On a Friday night in my little hometown of Belle (population 1500), you’ll see several cars sitting in the parking lot of the First Christian Church. If you show up around 6:30 there will be a hot dinner, followed by some great worship, fellowship, and deep conversations.
Every person who walks through the doors on Friday night struggles with some kind of life-controlling issue, whether it’s addiction, depression, anxiety, co-dependency, people pleasing, etc. But in the midst of our struggles, we all Celebrate Recovery together.
Once an addict, always an addict.
In some recovery programs you’re taught “Once an addict, always an addict.” What if that’s not true?
Hi, I’m Sundi Jo and I’m a survivor of sexual abuse, too.
I start this letter with an apology. I’m sorry. Sorry sexual abuse is a part of your story. Devastated it was written into the book of your life. I’m sorry someone stole innocence from you without your control. What happened to you isn’t fair.
I want you to read these words carefully. Hear them. Believe them.
What happened to you is not your fault.
Official as of today, the Supreme Court ruled same-sex couples have the right to marry nationwide.
As of today, my Facebook and Twitter feeds have blown up from both Christians and non-Christians sharing their thoughts and opinions on the matter.
I don’t really need to write about it, because a million other blogs are already discussing it, but I do have something to say, so I’ll make it short and sweet.
Are you dealing with the same struggle over and over again, feeling stuck in your desperation?
Perhaps you just keep going back to that addiction. You stay sober for a week, then have a drink on a lonely Saturday night. You’ve been on track with your eating habits, then one bad day sends you into a spiral of emotional eating.
My friend, that’s called bondage. It’s very real.
Dear Bruce (Caitlyn),
First of all, I want to thank you for your bravery for being so vulnerable with the photographers at Vanity Fair. I can’t speak for you, but that probably wasn’t the easiest thing to do. Thank you, also, for your willingness to talk to Diane Sawyer about your struggles so openly. Again, probably not that easy.
I don’t write this letter to condemn or judge you. As a matter of fact, I would like to apologize on behalf of any Christian who berates you with their words and judges you with their looks. Please remember, not all Christians are alike.
Can I share my heart with you for a moment?
I’ve had a lot on my heart and mind these last few days. More like the last couple weeks, actually. Would you mind praying for me?
None of it’s bad. It’s all good. Even when it’s good though, sometimes it’s still really hard.
I think the reality is setting in that I’m living back in my hometown. It’s not a bad reality, it just is what it is. I’m here. For real. For the long haul.
Yesterday I had a mini meltdown. I missed my friend, Jammie. I missed our Tuesday nights, where we drank coffee or went to a movie, or laughed about absolutely nothing. I missed my other friends. I missed Branson. I missed comfort.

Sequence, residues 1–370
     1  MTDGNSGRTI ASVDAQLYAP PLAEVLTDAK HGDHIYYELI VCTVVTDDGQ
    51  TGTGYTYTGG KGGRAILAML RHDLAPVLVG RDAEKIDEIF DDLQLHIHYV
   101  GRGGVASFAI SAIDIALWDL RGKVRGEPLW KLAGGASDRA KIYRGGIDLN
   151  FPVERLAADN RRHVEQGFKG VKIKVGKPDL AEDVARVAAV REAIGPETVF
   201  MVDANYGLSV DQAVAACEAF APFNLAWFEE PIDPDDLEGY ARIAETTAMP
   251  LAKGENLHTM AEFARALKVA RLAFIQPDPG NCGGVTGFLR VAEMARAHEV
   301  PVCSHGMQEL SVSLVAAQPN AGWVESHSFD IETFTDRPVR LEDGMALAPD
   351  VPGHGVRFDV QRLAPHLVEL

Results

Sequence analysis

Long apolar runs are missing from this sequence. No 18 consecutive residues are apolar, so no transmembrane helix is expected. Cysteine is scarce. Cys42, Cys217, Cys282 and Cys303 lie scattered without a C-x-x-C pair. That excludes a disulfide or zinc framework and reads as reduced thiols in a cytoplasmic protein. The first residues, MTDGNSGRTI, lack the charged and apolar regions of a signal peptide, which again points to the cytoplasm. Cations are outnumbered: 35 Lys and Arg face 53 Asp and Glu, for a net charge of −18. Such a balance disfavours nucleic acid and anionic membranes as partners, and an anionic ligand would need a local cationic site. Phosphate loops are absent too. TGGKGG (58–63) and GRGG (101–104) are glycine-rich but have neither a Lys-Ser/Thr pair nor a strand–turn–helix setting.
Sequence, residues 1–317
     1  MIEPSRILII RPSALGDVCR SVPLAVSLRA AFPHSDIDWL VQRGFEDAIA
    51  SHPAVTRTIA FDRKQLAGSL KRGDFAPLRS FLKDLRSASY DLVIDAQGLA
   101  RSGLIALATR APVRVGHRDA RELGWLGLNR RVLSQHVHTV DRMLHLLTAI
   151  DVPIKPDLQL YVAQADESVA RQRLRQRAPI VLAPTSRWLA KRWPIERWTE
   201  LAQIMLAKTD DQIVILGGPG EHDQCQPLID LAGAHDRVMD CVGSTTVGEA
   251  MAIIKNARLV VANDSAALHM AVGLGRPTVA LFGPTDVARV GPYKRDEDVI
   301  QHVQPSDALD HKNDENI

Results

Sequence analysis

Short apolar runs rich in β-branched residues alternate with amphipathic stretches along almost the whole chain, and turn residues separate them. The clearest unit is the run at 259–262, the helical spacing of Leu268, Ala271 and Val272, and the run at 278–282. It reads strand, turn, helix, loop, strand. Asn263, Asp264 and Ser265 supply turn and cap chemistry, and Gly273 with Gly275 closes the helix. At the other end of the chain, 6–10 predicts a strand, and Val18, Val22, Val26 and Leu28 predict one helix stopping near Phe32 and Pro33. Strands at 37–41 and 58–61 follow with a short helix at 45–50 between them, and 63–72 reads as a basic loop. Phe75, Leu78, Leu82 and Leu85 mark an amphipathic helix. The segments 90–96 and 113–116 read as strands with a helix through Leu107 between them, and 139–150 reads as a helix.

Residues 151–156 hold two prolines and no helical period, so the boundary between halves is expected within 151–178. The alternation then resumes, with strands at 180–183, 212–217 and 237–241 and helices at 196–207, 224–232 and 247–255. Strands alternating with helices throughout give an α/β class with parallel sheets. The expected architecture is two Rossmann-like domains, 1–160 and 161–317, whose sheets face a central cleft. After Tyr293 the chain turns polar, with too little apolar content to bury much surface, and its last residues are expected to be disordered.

I come from a family of secrets, just as most others do. Perhaps a few of those secrets should be taken to the grave.
“You don’t talk about being sexually abused. You don’t talk about your addictions. Some things are just better left unsaid.”
Have you ever heard these words? Maybe you’ve said them yourself.
Someone asked me this question the other day: “Do you think there’s a connection between homosexuality and sexual abuse?”
I don’t want to answer it. Why? Because I know regardless of what my answer is, someone, somewhere won’t agree with my answer, and then I’ll be labeled as a hypocrite, religious jerk, etc. etc. etc.
I’ve avoided publishing topics on homosexuality for this very reason. Because somehow, some way, despite being careful with my words, someone will get hurt, me included. But it’s time…
Yes. Yes, I think they’re related. Definitely not in all cases, but I would bet the majority. I’m not a scientist. I’m not a psychologist. I have no initials behind my name to qualify me to answer, but I have my own experience.
When someone takes their own life, those closest to them immediately ask, “What could I have done differently? What if I did this? What if I called her more? What if I visited him more?”
There’s an immense guilt survivors feel and it takes a while to get through that grief. Then comes the anger. “Why would she do something so stupid? Why didn’t he bother to think about us before he decided to take the easy way out?” Insert your own question here.
I’m angry. Angry that while I type this blog post, women in Africa, India, the Congo, and all over the rest of the world and United States, are being kidnapped, raped, beaten, tortured, and humiliated to think they deserve to be where they are.
I’m angry I didn’t sleep well last night because all I could think about was storming into a brothel in Kenya, Rambo style, and taking out the men committing these grotesque, shaming, hideous crimes with a smirk on their faces. I’m angry I slept in my queen size bed, snuggled up with my four pillows, while little orphans in Phnom Penh are lucky to sleep on a piece of cardboard.
I’m angry Ashley Judd’s childhood was stolen from her and I just want to hug her and say, “I know. I’m sorry.”